I could not stop thinking about how well this freelancing endeavor is going and how business is flowing to me, which is the second reason I did not want to stay at SurveyMonkey. I also did not want to switch to a different company. I never had to send emails inquiring, “Is there anything I can do?There was, however, a reoccurring issue I needed to solve: These clients expected my availability during business hours. ” Employ me!So, opportunities were flowing in, and I was able to obtain a considerable number of them.

I regret that I cannot attend next week, but I have no choice but to decline a (side) client’s request that I meet their team in Seattle on short notice due to a product review meeting at work, my one-on-one meeting with my supervisor, my one-on-one meeting with my team, and then we will have happy hour.

I came to the conclusion that full-time employment had to end because I was not as inspired by my 9-to-5 job as I could have been. I started to realize that my job was preventing me from signing the freelance contracts I desired. Hey, you’re employed? How are you going to be our consultant, we want you to be available and to start hopping on meetings when we tell you to.

I have decided to give this a try, so I started building incredibly precise burn rate budgets and comparing them to actual budgets utilizing all the extra money I was making and saving.

I quit my job in April 2019 with the idea of making it through the rest of the year on this income; if I succeed, I’ll keep doing this; if not, I’ll look for work. Fortunately, I didn’t need to find another (full-time) job.

Has the amount of time spent working as a freelancer changed over the years compared to previous 9 to 5 jobs?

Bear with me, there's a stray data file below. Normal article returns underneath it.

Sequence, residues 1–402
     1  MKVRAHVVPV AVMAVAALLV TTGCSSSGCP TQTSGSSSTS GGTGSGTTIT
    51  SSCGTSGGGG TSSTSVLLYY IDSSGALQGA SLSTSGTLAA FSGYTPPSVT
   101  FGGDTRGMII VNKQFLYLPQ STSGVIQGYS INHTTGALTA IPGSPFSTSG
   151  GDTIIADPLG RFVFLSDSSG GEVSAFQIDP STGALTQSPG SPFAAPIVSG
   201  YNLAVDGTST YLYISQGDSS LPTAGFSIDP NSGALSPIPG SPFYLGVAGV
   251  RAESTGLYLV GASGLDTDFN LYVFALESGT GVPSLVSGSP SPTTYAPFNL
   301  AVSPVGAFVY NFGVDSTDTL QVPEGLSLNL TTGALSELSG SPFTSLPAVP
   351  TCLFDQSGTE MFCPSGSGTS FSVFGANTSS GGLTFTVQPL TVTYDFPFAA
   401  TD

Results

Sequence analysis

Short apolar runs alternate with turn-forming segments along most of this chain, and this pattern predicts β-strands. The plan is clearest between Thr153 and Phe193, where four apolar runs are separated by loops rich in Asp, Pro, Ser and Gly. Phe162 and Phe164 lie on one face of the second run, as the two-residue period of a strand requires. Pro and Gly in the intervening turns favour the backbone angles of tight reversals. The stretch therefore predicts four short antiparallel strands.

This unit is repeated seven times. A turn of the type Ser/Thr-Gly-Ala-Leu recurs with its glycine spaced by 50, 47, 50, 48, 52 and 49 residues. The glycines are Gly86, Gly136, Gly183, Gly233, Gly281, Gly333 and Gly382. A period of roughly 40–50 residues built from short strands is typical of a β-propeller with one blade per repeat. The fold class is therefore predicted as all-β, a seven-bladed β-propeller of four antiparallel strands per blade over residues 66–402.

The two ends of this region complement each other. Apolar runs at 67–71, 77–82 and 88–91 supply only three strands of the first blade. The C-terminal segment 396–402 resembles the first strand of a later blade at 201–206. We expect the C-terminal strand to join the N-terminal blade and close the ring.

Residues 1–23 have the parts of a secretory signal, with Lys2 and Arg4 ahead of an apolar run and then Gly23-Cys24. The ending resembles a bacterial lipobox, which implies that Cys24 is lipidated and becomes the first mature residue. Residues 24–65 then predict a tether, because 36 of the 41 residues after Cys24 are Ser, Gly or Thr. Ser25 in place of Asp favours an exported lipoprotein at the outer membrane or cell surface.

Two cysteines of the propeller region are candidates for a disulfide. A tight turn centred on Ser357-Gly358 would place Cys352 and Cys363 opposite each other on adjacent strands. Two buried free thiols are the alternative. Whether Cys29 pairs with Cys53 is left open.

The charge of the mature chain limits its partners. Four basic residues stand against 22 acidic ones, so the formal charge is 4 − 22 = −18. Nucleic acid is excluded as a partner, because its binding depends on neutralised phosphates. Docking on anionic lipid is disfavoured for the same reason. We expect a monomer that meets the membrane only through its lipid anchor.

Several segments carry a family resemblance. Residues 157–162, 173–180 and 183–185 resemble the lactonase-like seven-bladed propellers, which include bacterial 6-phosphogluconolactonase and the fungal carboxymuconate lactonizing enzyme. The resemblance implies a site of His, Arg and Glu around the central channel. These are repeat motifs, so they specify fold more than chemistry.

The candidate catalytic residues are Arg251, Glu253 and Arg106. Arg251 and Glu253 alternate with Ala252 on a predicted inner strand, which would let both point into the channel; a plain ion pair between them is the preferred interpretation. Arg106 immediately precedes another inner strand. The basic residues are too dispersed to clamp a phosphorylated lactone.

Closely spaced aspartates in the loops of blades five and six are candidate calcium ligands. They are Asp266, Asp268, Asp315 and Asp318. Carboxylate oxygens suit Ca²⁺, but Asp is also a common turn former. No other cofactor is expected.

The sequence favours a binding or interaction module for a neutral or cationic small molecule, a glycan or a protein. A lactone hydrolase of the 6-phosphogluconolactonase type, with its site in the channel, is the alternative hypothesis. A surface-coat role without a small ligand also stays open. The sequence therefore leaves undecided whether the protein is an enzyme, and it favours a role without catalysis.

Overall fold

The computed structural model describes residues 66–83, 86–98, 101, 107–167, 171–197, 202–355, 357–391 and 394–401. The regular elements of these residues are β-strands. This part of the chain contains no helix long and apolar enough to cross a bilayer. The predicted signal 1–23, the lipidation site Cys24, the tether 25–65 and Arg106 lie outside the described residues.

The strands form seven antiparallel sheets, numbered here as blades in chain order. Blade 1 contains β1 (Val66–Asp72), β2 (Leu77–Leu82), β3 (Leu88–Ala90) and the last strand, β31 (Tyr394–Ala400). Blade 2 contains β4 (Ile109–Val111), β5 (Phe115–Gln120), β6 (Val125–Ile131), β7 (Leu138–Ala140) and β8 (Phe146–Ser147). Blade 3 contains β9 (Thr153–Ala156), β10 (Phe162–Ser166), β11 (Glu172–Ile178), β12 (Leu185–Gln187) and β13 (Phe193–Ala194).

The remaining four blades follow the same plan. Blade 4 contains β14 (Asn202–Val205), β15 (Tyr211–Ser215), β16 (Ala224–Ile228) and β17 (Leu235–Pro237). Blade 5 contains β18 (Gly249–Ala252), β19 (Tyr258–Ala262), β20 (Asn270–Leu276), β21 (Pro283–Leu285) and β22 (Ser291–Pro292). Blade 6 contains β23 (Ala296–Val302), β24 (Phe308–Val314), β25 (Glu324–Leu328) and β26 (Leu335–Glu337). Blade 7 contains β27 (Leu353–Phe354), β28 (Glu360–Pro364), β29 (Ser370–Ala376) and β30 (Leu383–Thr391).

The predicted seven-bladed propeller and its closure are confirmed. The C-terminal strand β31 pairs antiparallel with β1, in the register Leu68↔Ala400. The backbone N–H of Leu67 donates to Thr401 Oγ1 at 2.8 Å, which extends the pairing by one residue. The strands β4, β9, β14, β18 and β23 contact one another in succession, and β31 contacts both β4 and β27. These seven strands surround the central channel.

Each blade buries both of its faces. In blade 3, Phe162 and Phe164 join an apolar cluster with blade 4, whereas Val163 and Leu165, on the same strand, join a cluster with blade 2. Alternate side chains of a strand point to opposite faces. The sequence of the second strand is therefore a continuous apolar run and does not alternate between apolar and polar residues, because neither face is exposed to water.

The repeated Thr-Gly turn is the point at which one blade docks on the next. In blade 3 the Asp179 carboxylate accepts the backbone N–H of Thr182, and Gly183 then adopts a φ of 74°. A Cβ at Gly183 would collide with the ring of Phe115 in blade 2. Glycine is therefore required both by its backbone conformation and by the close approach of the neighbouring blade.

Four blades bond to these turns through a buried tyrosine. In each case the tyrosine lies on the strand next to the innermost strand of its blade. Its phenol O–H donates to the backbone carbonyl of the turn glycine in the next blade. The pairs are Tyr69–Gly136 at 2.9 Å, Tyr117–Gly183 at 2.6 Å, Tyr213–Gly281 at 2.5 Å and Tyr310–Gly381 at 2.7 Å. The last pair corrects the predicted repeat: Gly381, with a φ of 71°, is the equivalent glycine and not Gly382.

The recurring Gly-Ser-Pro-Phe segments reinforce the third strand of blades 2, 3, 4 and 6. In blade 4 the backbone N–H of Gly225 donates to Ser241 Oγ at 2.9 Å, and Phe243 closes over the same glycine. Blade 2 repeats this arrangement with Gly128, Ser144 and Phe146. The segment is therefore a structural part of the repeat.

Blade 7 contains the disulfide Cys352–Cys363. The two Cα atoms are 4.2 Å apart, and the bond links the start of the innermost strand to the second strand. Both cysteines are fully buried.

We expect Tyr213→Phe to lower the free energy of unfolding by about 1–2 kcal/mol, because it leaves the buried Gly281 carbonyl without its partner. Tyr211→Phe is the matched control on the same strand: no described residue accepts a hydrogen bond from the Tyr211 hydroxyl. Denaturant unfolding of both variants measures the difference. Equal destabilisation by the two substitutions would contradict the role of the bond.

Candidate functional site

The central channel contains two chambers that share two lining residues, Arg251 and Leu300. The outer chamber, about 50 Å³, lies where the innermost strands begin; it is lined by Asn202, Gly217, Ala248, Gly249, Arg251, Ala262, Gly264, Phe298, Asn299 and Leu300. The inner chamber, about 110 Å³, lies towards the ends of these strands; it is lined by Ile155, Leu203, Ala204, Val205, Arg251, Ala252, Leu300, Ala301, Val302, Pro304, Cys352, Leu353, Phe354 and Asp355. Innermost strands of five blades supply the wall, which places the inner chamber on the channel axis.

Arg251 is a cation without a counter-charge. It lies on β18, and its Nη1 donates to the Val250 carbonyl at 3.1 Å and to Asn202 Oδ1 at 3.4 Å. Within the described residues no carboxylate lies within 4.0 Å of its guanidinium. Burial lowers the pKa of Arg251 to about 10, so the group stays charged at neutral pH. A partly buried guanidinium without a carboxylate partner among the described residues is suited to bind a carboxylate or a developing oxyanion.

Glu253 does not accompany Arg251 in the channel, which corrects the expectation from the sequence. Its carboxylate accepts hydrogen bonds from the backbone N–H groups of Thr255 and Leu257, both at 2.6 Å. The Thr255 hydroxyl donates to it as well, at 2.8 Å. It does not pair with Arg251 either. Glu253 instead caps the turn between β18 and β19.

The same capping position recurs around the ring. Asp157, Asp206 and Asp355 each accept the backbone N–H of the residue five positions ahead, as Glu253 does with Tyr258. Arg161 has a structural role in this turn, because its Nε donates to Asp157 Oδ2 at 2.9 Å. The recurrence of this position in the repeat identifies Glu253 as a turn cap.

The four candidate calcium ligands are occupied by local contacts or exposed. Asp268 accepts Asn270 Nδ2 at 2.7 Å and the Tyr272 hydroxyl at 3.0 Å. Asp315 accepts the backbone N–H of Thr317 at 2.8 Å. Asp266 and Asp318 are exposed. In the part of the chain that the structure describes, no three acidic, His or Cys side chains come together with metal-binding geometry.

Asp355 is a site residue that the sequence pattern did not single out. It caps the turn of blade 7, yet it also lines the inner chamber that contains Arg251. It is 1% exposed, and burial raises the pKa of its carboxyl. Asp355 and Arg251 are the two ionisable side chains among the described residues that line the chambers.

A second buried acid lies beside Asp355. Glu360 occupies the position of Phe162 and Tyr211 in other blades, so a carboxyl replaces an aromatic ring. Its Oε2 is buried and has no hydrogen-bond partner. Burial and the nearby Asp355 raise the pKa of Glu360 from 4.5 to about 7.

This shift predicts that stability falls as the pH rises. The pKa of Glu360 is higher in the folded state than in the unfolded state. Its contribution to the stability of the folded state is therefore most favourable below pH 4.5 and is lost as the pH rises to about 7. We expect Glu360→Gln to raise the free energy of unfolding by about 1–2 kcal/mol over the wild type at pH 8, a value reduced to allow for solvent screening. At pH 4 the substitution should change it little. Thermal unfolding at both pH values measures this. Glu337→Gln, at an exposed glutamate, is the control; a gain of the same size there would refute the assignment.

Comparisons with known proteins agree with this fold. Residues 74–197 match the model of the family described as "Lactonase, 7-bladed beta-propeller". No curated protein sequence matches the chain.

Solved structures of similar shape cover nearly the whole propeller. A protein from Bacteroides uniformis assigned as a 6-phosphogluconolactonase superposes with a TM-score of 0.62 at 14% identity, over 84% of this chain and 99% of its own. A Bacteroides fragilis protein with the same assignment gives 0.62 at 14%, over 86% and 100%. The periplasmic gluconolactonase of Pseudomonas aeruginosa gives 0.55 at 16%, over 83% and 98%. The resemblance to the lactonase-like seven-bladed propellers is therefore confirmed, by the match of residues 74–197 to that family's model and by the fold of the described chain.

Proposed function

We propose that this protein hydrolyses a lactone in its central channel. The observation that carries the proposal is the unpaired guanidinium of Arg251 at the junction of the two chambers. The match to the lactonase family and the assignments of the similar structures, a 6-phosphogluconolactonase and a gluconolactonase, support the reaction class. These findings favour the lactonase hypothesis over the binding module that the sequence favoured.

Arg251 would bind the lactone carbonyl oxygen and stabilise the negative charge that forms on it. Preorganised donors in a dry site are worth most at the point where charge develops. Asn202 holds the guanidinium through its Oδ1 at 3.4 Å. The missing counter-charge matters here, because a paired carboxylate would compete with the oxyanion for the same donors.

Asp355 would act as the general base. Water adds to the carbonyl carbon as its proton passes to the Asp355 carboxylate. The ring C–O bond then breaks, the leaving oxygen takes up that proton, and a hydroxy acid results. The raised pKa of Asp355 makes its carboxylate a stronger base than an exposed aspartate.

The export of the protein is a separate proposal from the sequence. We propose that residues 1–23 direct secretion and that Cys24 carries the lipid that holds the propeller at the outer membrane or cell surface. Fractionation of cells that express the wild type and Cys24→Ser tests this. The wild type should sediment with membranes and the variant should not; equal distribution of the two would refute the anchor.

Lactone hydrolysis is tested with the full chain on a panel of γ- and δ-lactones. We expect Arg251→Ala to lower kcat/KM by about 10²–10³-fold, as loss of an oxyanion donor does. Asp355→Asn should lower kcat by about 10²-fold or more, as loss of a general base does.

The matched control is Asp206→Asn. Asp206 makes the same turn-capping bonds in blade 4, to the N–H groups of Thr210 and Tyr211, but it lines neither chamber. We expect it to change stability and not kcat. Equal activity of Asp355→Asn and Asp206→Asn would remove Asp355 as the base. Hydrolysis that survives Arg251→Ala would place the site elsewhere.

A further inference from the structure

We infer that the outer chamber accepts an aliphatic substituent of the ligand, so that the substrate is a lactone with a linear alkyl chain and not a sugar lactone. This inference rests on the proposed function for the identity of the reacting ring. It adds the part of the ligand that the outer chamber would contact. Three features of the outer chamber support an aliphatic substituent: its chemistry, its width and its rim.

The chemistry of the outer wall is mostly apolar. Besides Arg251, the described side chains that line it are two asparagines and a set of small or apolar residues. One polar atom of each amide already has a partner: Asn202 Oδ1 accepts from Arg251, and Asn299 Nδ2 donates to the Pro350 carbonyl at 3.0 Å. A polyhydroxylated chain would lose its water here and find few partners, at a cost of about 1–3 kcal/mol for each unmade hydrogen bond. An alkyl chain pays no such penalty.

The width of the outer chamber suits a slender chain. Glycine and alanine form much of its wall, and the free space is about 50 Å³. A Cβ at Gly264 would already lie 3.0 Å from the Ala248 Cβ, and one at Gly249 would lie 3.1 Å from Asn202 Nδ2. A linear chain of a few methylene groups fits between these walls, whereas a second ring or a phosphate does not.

I strongly recommend that anyone who feels they can thrive at freelancing give it a try, and I would love to hear from anyone who needs support with striking out on their own. My tension level is so much lower than in my past roles that I cannot even quantify it on the same scale.

How does freelancing affect your ability to balance work and life?

I view my day as consisting of eight hours of default availability every day, so I do not use Calendly or other comparable meeting services. Therefore, a one-hour meeting day is ideal for me. If I have a five-hour meeting schedule, that’s fine too. But I only schedule meetings based on my immediate requirements.

What I’ve found is that you question, “I have an eight-hour day; how will I spend my eight hours? ” from the standpoint of an employee or a freelancer.It doesn’t matter if you are doing duties or attending meetings; you must be active. If you’re an employee, it’s like I’m working for my company, therefore I need to occupy my time with a lot of busywork.

All of my non-meeting work is completed during the day or at night, when I am not required to be with my family. Work-life balance is important to me, so I do not adhere to a set schedule. For example, my children arrive home every day at 4:00 p.m. I will not schedule a meeting unless a client requests it, and I will not suggest it either.

When you deal with the right customers and at the right level (peer versus contractor), people value your time more. I plan my life around the times I know I’ll be traveling.

What makes a 9-to-5 job enticing or what would keep you from returning? Would you ever consider going back to one?

I hate to say that, but yeah!